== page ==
How easy are you?

How easy are you to work with? It’s worth asking and even better, checking.

To paraphrase Bobby McFerrin of “Don’t Worry, Be Happy” fame: In every work day we have some trouble. When you’re difficult to work with, you make it at least double for your colleagues.

And if you’re considered a “competent jerk” because of your work habits and personality, you run the risk of losing out on opportunities, being ignored, or leaving the organization to spend time with your family. As by Tiziana Casciaro and Miguel Sousa Lobo wrote in their Harvard Business Review article “Competent Jerks, Lovable Fools, and the Formation of Social Networks” several years ago, people prefer working with lovable fools over competent jerks. You’re more desirable to work with if you’ve got a little bit more likability than extra competence. If you’re liked, your colleagues will seek out every little bit of competence you have. But if you’re a jerk, forget it; no one wants to work with you.

So what can you do to be considered easy to work with, especially by those in leadership positions who are pressed for time? Try these seven tips:

1.    Be available. Make sure you answer phone calls, e-mails, texts and other communication within a reasonable timeframe, generally within two to three hours max if you’re working on a project. And if you’re not going to be around for a period of time due to another commitment, mention this in advance.

2.    Use language and terms that resonate with your customers. If your customers commissioned the work, they’ll appreciate it (and you) more if the work you’re delivering–-and the communication that supports it–-make sense to them. If you didn’t agree with their request, address this with them before you deliver the goods. Don’t surprise them. Or, just as bad, don’t argue with them as I’ve witnessed some people do.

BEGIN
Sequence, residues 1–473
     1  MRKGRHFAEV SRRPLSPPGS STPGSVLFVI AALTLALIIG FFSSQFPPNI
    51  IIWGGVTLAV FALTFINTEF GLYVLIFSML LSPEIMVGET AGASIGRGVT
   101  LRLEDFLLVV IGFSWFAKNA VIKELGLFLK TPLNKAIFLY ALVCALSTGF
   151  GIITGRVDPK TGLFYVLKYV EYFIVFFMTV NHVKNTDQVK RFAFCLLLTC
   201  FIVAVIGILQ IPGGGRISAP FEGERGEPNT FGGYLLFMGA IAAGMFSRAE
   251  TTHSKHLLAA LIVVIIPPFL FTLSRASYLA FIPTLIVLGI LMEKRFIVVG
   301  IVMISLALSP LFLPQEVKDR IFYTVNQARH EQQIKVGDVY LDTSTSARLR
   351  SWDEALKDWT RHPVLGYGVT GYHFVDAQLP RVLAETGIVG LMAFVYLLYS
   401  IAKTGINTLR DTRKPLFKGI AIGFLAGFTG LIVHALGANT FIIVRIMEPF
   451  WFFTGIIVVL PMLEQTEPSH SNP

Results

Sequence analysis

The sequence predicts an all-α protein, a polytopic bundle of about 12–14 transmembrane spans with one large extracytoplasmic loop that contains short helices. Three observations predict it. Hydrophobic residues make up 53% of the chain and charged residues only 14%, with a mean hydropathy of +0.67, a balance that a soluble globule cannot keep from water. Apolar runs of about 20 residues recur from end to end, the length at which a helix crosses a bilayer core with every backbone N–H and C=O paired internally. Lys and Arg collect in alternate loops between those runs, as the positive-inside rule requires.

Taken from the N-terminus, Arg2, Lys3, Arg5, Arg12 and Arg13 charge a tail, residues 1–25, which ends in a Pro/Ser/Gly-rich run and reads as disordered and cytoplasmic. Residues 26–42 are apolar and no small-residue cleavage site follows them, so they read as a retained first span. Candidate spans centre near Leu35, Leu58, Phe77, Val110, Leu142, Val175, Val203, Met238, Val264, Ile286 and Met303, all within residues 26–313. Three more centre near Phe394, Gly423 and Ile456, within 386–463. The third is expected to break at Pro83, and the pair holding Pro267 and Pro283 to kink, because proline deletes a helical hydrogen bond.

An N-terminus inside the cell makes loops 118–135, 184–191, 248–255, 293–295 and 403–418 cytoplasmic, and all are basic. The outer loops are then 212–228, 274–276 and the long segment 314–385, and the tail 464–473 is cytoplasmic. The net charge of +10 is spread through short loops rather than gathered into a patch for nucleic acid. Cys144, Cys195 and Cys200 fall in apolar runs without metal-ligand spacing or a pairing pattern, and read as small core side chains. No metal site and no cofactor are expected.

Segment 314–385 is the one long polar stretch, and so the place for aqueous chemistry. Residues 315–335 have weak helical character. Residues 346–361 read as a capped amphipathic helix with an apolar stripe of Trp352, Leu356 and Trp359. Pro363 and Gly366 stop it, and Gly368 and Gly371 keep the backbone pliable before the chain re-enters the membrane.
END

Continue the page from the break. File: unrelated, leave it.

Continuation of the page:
3.   Talk in headlines. Before you open your mouth, decide what your key point is, as well as three pieces of supporting evidence, using the speak-in-headlines tool.  Your headline may not be as pithy or punchy as the famous New York Post headline, “Headless Body in Topless Bar” but it should cut through the clutter. Then if the people you’re working with want the whole download or story, they can ask for it.

4.    Say “yes and” rather than “yes, but” or “no, but.” This technique is from improv theatre . The “yes and” phrase helps you keep the momentum going and move scenes forward rather than shutting down the action and people’s interest.

5.    Be prepared to answer questions, especially scenarios. Consider what you would do if you were in the shoes of your boss or colleague. Then if they ask you, “What would you do?” you could give them some helpful advice. Believe me, this approach is much more productive than responding, “Well, if I were you, I wouldn’t have got myself in this situation.” (You also should come to your customers with a solution, not just a problem.)

6.    Avoid saying “You’re going to love this work I’ve done for you.” Remember, your customer decides whether your work has value. You’re not doing yourself any favors by telling them in advance that you know best.

7.    When a snafu happens, resist any temptation to say “You made a mistake.” Even if the individual goofed and knows it, you’re making a bad situation worse. And if you accuse a colleague of making a mistake when you’re the one who screwed up–you really are acting like a jerk.

For example, a colleague who has branded herself as “Ms. Integrity” recently told me she couldn’t meet with me when I tried to confirm our appointment. She said she had booked another meeting because I was sloppy and never got back to her with a definite date. When I checked my records and discovered that I had communicated a meeting date AND answered a complicated question for her at the same time, I was livid.

Where are the lovable fools when you need them? Or better yet, the easy-to-work with colleagues?  Remember, easy-does-it works for all of us!